Difficulty retaining staff is a big problem in health and social care – but we can address that by offering more flexibility and autonomy.
Both health and social care face a growing problem of low retention rates. In 2021-22, more than 34,000 nurses left their role in the NHS, an increase of 25% on the previous year. In adult social care, an estimated one quarter of directly-employed staff leave their employer each year, while the turnover rate may be as high as one in three for those in care worker roles.
We know that many staff leave because they experience stress and burnout, often as a result of high workload. So what can we do to improve wellbeing amongst people who work in health and social care – and how can we encourage them to stay? This was one of the topics discussed in an event in May, titled Health and Social Care Workforce: Wellbeing, Integration and Sustainability, and organised jointly by Care England, Future Care Capital and Talent for Care. The event drew participants from across the two sectors. As well as hearing from prominent speakers in health and social care, participants discussed topics at their own tables and reported back.
The three clear themes to emerge were professional development, autonomy and flexibility. There was wide agreement that social care needed clear career pathways and opportunities for training. Martin Greene, chief executive of Care England, said: “We need some really clear skills and competency frameworks within social care – particularly because we’re going to have staff who are going to come into the workforce, and will leave it for a while to do either education or caring responsibilities. They need to know where they slip back when they want to regain their role in social care or health.”
A speaker reporting back on a table discussion drew attention to how opportunities for those working in social care differed from those in health care: “Our pay, our terms and conditions are different. There’s a feeling within social care that there isn’t a career pathway for life – it is more of a transient workforce with an unclear pathway and a lot of the roles taking on senior responsibilities aren’t incentivised. For a little more money, the amount of responsibility and potential blame that comes with that really stops people from looking to progress.”
Agency work ‘frees’ people from non-core tasks
Both speakers and attendees drew attention to the importance of autonomy, and the freedom to have control over one’s own work, in health and social care roles. Reporting on a table discussion, one attendee mentioned the common belief that the reason staff leave roles to work for an agency is that it pays more. But this is not the whole story, he said: “We’ve got to look inwardly, and we’ve got to take ownership for why they’re moving away…When you start to build in 35 days holiday, pension and sick leave, it’s still a good package.” The real reason so many depart for agency work, he added, was that people were tired of a culture that requires staff to perform non-core tasks, such as attending meetings and writing unnecessary reports. Agency work frees them from those activities.” Another recommendation from an attendee was simply to “make sure people have the autonomy to make things happen.”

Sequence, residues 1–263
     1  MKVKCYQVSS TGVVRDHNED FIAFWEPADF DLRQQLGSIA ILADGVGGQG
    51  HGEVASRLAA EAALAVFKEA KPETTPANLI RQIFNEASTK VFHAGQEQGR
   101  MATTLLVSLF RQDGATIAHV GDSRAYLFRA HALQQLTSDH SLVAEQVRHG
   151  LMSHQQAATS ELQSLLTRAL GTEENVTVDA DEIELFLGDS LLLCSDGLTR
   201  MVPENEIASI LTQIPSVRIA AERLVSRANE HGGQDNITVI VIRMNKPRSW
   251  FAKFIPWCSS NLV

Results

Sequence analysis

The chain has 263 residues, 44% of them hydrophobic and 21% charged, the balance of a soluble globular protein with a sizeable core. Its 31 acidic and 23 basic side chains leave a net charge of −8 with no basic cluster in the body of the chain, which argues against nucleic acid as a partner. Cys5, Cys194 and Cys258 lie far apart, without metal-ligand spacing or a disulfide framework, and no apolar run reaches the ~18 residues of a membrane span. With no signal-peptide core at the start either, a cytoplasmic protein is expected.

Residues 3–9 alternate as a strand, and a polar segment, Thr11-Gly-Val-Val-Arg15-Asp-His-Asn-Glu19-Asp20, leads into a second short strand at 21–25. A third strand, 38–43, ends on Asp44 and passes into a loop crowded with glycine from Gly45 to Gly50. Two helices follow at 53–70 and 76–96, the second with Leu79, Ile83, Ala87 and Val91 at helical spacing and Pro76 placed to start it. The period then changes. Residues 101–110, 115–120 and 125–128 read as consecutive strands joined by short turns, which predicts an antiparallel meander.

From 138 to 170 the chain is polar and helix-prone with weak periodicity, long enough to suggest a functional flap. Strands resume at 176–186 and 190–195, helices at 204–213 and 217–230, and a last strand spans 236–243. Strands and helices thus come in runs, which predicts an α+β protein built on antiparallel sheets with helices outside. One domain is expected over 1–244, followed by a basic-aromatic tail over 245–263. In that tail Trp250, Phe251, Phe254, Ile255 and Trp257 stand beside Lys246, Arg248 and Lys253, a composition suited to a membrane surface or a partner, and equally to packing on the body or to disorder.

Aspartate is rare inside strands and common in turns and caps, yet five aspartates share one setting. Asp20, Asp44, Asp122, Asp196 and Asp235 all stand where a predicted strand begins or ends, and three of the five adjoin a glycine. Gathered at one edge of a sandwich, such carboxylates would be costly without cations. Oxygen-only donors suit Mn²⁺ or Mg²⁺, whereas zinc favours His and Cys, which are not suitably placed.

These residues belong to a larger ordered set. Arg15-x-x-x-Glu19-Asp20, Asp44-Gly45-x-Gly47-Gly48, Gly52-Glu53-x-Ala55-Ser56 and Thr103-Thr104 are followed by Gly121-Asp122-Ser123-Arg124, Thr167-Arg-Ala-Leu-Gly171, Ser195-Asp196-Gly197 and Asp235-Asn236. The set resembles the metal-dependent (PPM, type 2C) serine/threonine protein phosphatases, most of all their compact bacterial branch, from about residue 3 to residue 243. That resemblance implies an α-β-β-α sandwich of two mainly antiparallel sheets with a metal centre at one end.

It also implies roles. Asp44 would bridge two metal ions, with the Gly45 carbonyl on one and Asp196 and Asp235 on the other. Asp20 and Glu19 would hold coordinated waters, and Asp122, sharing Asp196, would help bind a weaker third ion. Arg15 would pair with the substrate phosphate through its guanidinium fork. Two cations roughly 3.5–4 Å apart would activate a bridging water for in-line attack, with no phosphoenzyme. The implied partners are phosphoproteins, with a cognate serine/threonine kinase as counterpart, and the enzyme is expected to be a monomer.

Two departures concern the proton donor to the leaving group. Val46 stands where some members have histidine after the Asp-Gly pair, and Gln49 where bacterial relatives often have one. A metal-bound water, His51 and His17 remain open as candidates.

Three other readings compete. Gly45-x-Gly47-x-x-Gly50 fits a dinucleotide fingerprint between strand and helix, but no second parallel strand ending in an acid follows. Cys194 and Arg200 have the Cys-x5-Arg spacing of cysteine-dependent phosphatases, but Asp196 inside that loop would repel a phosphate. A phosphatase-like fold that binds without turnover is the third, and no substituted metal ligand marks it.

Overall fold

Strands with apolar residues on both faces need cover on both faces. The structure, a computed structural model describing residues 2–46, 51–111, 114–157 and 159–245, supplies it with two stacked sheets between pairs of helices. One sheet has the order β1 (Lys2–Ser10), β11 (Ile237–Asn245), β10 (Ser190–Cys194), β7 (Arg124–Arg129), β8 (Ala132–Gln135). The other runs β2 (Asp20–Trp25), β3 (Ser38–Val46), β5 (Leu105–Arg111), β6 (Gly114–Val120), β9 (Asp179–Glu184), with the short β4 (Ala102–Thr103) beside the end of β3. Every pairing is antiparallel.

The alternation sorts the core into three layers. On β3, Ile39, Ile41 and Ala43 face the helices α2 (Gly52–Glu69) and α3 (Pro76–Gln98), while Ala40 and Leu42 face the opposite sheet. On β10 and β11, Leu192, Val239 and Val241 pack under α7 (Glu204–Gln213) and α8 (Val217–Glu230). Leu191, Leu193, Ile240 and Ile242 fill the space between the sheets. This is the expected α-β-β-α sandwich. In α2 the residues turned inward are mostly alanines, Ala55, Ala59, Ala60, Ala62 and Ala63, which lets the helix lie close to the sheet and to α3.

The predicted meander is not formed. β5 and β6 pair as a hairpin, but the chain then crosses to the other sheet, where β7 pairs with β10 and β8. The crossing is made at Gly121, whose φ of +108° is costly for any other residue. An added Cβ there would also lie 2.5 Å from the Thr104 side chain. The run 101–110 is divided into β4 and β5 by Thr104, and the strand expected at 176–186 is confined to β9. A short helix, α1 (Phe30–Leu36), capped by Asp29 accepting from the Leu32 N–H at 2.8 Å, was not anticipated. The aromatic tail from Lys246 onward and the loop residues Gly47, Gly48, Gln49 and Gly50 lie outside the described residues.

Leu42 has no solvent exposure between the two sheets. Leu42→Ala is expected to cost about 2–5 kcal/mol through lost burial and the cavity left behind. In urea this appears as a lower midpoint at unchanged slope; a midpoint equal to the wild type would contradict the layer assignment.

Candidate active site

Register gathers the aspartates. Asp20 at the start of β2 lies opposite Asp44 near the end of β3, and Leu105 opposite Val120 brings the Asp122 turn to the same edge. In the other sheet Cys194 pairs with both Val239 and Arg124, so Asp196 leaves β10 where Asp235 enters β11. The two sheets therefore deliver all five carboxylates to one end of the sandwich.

Bhavna Keane-Rao, a consultant who previously worked for the Care Quality Commission, talked about the importance of shifting from a culture of blaming staff for mistakes. “To retain your staff group, you have to encourage them,” she said. There was “no such thing as a perfect care facility,” she added, yet the response to mistakes was often to blame staff rather than help them – possibly because defending staff meant taking on the regulator. “At the moment we are very much of the view that ‘if there’s a mistake then you’re guilty and you have to be proven innocent.’”
Flexibility and autonomy were closely related. Many people working in health and social care have family responsibilities, and would prefer to have control over the hours they worked. Bhavna gave the example of a carer who was willing to work from 6am to 10am – but then wanted four or five hours off to go and look after her mother. “Some of these amazing workers are carers as well,” she said.
Gen Z have different career aspirations
Another delegate, reporting on a table discussion, said that HR departments tended to regard high turnover among the younger generation (Gen Z) staff as a nuisance. But this generation, it was pointed out, also put a high premium on flexibility and the ability to move in and out of jobs: “Young people don’t have the same career aspirations as older people. They come into things, they get out of things, they get back into things – that’s a very different world.”
Leaders needed to be able to be more responsive to staff needs, delegates agreed. One gave the example of enabling care assistants to to train for other roles in the building, so that they could provide cover for others – both benefiting the organisation and providing the employee with more variety.
There was a consensus that employers needed to make working conditions better for staff, ranging from simple things like providing access to drinking water to providing more flexibility for staff to choose working hours that suited them. To do this required good, effective leadership, delegates agreed. As one said: “Let’s make the right thing to do the easy thing to do – create the right cultures for people to want to work here, not just to be employed and move somewhere else if they don’t like it.”